This oil on canvas portrait of First Lady Lady Bird Johnson was painted by Elizabeth Shoumatoff. Mrs. Johnson graduated from the University of Texas with a degree in journalism. During her life prior to the White House, her business acumen meant she became the first First Lady to be a millionaire in her own right. As First Lady, she spearheaded beautification projects spanning cities and highways and initiated several firsts for her office. She was the first to have a press secretary and chief of staff, as well as the first to do a solo tour to campaign for major policy issues, such as the Civil Rights Act. Her husband, Lyndon Johnson, served as president from November 22, 1963 until January 20, 1969.
  • Lady Bird Johnson Watercolor Portrait
    Elizabeth Shoumatoff
    portrait
    This watercolor portrait of First Lady Lady Bird Johnson was created on paper by Elizabeth Shoumatoff in 1968. Shoumatoff, like many artists, used proof studies to map the color and composition of a painting before creating the final product.
  • Ronald Wilson Reagan
    Everett Raymond Kinstler
    official portrait
    This oil on canvas portrait of President Ronald Reagan was painted by Everett Raymond Kinstler in 1991. Reagan served as governor of California from 1967-1975 and was president from January 20, 1981 until January 20, 1989. Kinstler began his career drawing comic books and illustrations for books and magazines before becoming a portraitist renowned for his paintings of famous entertainers, politicians, authors, and justices of the Supreme Court. Kinstler has painted portraits of Lady Bird Johnson, Betty Ford, Jimmy Carter, Richard M. Nixon, George H. W. Bush, Bill Clinton, and George W. Bush. His portraits of Reagan, seen here, and Gerald R. Ford, are official presidential portraits.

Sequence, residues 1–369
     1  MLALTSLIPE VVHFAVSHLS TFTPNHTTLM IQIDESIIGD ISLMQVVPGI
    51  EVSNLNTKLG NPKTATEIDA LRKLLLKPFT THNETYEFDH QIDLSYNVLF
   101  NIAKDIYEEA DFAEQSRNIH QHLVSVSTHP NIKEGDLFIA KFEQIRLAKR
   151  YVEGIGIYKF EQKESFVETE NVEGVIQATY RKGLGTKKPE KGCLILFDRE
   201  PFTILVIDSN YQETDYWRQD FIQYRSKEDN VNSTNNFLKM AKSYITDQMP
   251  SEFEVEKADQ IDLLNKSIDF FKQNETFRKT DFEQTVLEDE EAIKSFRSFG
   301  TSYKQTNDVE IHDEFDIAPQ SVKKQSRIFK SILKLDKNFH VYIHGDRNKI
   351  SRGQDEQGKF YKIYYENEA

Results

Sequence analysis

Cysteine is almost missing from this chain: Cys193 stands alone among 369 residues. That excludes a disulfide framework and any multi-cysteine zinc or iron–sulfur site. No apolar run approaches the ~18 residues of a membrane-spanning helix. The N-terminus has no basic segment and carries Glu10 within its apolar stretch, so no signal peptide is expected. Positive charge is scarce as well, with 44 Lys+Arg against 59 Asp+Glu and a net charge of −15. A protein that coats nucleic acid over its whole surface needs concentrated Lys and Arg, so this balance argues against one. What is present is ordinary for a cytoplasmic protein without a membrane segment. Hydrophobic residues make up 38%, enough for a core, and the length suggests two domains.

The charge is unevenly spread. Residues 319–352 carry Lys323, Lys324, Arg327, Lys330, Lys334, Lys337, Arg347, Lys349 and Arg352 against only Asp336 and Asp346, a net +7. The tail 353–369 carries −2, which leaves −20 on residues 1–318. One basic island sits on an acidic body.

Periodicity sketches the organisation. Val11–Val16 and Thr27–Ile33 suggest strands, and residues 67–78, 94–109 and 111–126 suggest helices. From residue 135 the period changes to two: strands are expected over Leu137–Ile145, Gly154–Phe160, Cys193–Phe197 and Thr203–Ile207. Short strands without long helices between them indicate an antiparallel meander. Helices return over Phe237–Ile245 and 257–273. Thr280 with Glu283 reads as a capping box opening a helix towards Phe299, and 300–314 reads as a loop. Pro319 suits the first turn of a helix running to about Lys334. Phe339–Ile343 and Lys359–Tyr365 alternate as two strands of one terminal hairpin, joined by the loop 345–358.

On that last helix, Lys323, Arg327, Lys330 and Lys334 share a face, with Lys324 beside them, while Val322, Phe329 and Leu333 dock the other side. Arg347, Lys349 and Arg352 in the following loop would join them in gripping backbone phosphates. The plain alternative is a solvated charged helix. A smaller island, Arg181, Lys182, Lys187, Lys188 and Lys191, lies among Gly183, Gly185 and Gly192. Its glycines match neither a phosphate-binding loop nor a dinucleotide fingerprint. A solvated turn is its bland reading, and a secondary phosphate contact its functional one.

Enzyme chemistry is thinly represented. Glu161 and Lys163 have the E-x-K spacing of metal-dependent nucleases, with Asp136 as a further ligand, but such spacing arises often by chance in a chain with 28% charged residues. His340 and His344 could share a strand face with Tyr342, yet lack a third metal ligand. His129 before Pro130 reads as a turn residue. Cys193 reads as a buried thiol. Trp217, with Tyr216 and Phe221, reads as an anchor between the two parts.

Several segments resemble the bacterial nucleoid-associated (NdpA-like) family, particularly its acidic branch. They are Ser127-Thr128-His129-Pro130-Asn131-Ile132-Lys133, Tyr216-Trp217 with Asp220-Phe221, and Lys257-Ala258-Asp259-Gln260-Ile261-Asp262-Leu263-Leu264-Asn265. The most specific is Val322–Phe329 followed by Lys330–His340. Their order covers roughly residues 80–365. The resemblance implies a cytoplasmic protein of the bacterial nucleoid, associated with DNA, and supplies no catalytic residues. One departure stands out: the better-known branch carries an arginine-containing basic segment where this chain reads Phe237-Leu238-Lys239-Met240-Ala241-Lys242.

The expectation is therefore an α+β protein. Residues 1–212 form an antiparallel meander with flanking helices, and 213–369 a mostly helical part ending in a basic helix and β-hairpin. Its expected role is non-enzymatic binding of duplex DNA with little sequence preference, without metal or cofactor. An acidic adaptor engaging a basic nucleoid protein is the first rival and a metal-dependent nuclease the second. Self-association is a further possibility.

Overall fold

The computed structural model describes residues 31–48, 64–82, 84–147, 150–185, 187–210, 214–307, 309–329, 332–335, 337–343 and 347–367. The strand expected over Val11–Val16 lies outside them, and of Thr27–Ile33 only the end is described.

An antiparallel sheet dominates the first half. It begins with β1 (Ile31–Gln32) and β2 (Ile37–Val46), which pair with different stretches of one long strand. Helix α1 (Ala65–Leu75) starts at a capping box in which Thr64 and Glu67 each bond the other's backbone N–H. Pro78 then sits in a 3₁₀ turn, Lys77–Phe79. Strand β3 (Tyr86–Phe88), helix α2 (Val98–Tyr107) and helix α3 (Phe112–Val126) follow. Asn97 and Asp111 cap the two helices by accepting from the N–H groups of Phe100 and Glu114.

• Eleanor Roosevelt
    Douglas Chandor
    portrait
    This oil on canvas portrait of First Lady Eleanor Roosevelt was painted by Douglas Chandor. Her husband, Franklin Roosevelt, was president from March 4, 1933 until his death on April 12, 1945, a span of time that included the Great Depression and the entirety of World War II. Mrs. Roosevelt advocated for many causes during her years in the White House, holding press conferences, traveling extensively and writing a syndicated newspaper column. Following her time as first lady, Mrs. Roosevelt was appointed a delegate to the United Nations General Assembly and was the first chair of the United Nations Commission on Human Rights. There, she co-drafted the Universal Declaration of Human Rights. In 1949, Mrs. Roosevelt first sat for her portrait in Chandor's New York studio. The White House Historical Association purchased the portrait for the White House Collection. On February 4, 1966, First Lady Lady Bird Johnson invited more than 250 guests to the White House for the presentation of Eleanor Roosevelt's official portrait.